Today, we’re gonna talk turkey. Wild turkey, actually. Not the Wild Turkey famously distilled in Kentucky. Rather, this post is about the kind of wild turkey that comes to you covered in feathers.
If you counted all the feathers, you’d be counting for some time. Everyone at the dinner table will have finished their pumpkin pie and left the table to take a nap, or watch a football game. You probably will be still counting, because wild turkeys have upwards of 6,000 feathers.
And beautiful feathers they are: iridescent red, purple, and green; metallic gold, bronze, copper. The colors are particularly brilliant when reflected in the sunlight. It’s truly a sight to see.
The wild turkey is indigenous to the New World. They were particularly numerous in the vast forest lands of the eastern parts of America when Englishmen began arriving in the 1600s. Wild turkeys also roamed the West, but in lesser numbers, and down into Mexico where they were domesticated. By the early 20th century, however, wild turkeys faced extinction due to hunting and loss of habitat. Audubon estimates that conservation efforts have succeeded in increasing the population to around seven million today, but still fewer than when the Pilgrims arrived.
According to Pilgrim chronicler Edward Winslow, Governor Bradford ordered three days of celebration after their first harvest in 1621. The four men Bradford sent “fowling” returned with sufficient game to last the Company nearly a week, so it is quite possible that wild turkey was on the menu. Turkey was a favorite of the Native Americans.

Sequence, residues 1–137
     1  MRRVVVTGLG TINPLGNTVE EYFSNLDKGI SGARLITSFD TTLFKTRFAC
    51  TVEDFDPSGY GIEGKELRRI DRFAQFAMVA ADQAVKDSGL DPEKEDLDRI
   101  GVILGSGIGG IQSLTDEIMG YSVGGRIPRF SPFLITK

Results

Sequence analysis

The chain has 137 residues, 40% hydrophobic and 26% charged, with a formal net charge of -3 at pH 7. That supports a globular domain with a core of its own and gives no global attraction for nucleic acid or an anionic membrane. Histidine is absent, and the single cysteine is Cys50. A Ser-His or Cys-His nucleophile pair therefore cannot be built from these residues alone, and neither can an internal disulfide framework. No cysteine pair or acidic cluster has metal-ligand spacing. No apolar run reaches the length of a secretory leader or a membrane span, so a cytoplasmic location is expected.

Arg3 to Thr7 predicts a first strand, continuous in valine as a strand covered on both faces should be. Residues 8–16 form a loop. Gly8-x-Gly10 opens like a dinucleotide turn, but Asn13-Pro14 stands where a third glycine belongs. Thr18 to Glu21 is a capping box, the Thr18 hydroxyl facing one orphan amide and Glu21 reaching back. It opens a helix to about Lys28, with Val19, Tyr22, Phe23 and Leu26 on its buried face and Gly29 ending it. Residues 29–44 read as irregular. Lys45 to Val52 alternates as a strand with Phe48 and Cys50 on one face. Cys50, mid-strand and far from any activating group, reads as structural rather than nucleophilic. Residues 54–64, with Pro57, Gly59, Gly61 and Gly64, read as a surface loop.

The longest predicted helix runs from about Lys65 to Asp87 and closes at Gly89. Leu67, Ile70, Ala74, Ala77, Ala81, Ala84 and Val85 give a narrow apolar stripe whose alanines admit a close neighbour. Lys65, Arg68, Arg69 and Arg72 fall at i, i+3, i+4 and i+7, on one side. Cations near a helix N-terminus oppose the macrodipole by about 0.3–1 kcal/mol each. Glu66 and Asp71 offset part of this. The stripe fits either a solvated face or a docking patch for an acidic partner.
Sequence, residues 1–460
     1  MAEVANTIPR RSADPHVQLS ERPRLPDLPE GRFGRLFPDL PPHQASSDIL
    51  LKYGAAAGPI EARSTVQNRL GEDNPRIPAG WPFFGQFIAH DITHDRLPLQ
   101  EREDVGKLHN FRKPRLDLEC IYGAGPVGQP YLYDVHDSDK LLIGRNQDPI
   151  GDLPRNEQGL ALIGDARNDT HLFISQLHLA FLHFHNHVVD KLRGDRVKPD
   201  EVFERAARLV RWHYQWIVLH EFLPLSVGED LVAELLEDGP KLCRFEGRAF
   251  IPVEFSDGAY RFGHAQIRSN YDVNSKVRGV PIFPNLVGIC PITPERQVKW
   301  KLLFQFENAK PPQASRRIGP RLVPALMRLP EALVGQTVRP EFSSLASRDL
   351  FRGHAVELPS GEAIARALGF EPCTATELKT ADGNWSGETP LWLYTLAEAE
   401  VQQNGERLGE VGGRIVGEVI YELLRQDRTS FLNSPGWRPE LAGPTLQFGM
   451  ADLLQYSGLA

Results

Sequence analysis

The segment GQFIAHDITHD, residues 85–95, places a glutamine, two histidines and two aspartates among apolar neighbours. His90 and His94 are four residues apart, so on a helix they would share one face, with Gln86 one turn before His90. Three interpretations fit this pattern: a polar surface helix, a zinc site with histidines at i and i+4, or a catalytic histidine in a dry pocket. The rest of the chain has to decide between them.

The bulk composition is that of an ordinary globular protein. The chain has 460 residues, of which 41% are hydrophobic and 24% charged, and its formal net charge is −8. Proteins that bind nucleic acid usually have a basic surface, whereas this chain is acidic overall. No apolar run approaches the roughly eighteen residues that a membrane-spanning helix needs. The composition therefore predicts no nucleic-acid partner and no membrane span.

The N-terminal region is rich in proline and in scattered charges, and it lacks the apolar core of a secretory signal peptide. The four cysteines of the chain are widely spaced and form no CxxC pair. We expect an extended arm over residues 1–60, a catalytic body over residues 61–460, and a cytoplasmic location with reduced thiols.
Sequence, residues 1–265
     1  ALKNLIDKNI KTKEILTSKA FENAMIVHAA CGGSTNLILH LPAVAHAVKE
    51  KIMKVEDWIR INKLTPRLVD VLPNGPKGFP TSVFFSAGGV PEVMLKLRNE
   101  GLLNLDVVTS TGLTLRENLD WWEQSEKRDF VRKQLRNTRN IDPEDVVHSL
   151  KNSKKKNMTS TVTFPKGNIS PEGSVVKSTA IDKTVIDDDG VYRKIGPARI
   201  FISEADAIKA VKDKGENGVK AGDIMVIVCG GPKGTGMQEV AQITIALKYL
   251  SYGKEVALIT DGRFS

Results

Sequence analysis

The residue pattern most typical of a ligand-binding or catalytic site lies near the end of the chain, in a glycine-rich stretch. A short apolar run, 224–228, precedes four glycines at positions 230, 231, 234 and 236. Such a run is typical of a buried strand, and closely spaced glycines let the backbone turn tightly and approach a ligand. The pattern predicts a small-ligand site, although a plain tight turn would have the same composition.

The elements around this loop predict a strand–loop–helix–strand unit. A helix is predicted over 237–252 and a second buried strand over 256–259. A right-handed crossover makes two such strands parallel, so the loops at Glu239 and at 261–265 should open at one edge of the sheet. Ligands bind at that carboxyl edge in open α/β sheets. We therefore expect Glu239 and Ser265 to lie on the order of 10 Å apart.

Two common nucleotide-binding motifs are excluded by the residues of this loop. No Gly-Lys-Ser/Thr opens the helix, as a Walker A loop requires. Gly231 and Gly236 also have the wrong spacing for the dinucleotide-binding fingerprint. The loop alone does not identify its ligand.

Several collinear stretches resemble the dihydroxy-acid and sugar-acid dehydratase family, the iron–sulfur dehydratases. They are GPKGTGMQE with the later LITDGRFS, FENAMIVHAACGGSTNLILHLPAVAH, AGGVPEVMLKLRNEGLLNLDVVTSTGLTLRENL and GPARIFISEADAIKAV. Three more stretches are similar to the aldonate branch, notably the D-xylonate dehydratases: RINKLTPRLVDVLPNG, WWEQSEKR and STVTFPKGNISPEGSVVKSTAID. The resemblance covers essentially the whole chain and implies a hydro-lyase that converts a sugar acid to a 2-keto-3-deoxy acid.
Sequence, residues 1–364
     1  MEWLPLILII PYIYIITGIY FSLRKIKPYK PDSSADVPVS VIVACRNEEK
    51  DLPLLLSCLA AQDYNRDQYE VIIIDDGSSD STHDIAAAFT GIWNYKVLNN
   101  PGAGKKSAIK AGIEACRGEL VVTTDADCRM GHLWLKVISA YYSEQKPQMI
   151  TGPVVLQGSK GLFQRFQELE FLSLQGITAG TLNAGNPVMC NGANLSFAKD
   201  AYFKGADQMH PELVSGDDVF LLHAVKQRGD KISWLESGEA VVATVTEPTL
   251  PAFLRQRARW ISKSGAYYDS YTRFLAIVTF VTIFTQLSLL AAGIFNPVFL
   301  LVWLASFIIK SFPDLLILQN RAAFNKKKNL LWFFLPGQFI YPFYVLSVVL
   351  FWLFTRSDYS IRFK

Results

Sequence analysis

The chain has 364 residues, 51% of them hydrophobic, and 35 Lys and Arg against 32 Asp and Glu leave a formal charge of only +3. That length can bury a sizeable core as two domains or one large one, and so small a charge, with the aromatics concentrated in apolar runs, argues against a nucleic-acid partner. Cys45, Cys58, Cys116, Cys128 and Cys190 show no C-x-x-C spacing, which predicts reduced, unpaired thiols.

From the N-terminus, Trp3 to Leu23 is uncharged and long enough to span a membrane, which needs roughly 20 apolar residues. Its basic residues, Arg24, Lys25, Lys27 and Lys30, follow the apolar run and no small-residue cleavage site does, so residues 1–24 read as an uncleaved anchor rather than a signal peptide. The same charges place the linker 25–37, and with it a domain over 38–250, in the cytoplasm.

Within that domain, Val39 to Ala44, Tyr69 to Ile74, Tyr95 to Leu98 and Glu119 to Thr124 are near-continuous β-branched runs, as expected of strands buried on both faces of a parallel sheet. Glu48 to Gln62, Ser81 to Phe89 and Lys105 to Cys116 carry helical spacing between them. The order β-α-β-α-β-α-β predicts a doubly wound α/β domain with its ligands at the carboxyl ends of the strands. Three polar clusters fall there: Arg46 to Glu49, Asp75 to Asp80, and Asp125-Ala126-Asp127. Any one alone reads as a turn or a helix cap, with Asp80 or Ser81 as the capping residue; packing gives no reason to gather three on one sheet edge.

You can find wild turkeys right here in YLP. I did early one morning when my wife called to me excitedly, pointing out a rafter of the birds walking across the front of our property in late July.
You would think that a ground bird larger than a goose, four feet tall, and with a six foot wingspan, would be easy to photograph. It’s pretty big, after all. Easier said than done. Here’s why:
First, you never know where or when they will appear. My wild turkeys came in the early morning hours. I would run outside with my camera wearing who knows what, and try to position myself in a place where I could be in front of them; ideally, with the sun at my back.
Reality set in pretty quickly. Wild turkeys prefer to have photographers, and other stalkers, behind them, not in front; they are constantly on the move. They also like to forage acorns, lizards, insects, and various seeds in leaf litter under the oak forest canopy; at those times, they can be in deep shade, and their feathers don’t shine.
To compound the difficulty in photographing them, they have a small head set on top of a long neck connected to a bulbous, densely feathered, 30 lb. body. That tiny head, (alternatively blue, white, or red, depending on the bird’s mood) is at times raised up into the air like a periscope, or stretched out down low deep into the tall grass. It never seems to be on the same plane as the body. Upon what part do you focus, especially when they are on the run, moving at upwards of 20 mph, or flying at 55 mph?
While grooming, wild turkeys can contort themselves into all sorts of poses. They occasionally resemble something from a Mr. Potato Head game that children have randomly assembled with disparate parts. At those moments, I can’t refrain from laughing at the wonderful sight before me.
Wishing you all a very Happy Thanksgiving.
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Robert Groos is a published photographer and keen observer of nature who lives in Yosemite Lakes Park. He shares some of his outstanding images of our local feathered friends along with some tidbits of interesting facts about each. We hope you enjoy them as much as we do.